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Stackyard News Apr 06

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    Too many cull cow casualties wasted

Cattle farmers should quickly take account of EU meat hygiene rules that bar diseased or injured animals from the food chain otherwise too many potentially valuable cull cows will continue to be lost to the fallen stock scheme and business income be reduced as a result.

beef cow

So says the National Beef Association which is alarmed that an extra 2,000 casualties a week have been diverted from the food chain since the rule change in January.

"The removal of the OTM regulation means these animals are too precious to waste. Current, cross-UK, commercial cow abattoir throughput is in the region of 7,500 head a week and processors are keen to handle significantly more," explained NBA chief executive, Robert Forster.

"This strong demand shows in an average of over 135p deadweight for O3 cows, and say 78-88p kilo for similar beef bred animals sold in markets, which indicates that a medium sized cow of normal weight is already making over £420 and is likely to be worth 10-15 per cent more after manufacturing beef exports being to move from May 3rd."

"All of which indicates that management habits acquired during the ten year operation of the OTMS, when the surrender price was pegged at just 87p per dwkg, need to be adjusted."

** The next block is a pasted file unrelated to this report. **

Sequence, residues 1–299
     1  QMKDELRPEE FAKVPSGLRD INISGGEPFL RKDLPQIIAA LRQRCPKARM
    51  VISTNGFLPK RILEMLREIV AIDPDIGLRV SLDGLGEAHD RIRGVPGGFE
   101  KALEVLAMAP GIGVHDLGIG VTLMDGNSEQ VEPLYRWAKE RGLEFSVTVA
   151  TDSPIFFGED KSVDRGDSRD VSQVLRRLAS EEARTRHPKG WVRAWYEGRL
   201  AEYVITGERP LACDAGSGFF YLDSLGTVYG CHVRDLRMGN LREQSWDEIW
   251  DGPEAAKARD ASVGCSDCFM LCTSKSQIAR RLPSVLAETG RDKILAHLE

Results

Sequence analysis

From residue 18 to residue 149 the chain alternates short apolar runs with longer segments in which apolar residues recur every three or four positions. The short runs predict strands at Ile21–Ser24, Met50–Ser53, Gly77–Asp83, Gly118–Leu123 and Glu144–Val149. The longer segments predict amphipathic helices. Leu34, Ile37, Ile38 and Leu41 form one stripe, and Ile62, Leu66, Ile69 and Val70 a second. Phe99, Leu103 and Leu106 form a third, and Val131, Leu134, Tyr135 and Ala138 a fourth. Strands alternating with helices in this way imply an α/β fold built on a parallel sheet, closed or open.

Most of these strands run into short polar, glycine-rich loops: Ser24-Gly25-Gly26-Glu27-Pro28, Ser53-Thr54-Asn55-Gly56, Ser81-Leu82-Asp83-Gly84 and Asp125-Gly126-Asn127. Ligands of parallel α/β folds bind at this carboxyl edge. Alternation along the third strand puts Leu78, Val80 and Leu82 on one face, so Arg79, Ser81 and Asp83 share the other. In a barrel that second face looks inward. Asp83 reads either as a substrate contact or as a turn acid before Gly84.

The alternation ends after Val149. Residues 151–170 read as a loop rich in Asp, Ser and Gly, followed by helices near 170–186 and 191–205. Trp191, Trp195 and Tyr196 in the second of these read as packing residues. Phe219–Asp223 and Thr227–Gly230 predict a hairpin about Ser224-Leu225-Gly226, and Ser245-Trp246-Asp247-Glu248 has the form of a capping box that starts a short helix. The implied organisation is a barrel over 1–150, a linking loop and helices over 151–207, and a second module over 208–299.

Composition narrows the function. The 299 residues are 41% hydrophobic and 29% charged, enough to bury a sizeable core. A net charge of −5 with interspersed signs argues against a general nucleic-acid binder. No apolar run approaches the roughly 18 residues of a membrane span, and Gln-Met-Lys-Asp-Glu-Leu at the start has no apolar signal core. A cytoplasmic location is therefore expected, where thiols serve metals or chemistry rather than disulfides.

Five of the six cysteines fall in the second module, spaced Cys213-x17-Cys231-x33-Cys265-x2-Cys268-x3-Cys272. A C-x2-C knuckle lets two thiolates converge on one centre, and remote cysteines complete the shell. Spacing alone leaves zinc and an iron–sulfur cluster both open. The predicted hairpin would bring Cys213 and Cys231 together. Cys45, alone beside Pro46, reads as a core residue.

According to the NBA suckled calf breeders could plan to sell their cows younger and earlier before they risk a breakdown and both beef and dairy farmers should measure the cost of a course of veterinary treatment for lameness or sickness against the improved value of a recovered cow before calling in the disposal service.

"The current auction average for beef cows is over 80p which is £200 a head more than the OTMS so it is worth making an effort to earn this extra income," said Mr Forster.

"Eventually many suckler breeders will run systems in which cows are sold at 6-8 years old while they still have a high value but in the meantime culling older cows out a year earlier could result in more money being available to buy good heifer replacements."

"Demand for manufacturing beef is so strong that slaughterers are telling us that cows that are ready to be culled should be picked out and offered for sale immediately and they too are worried that so many potentially useful animals are being wasted."

link Beef exports will challenge supermarket stranglehold
link NBA urges members to report illegal retail mixing of beef
link UK Beef Exports start date confirmed

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National Beef Association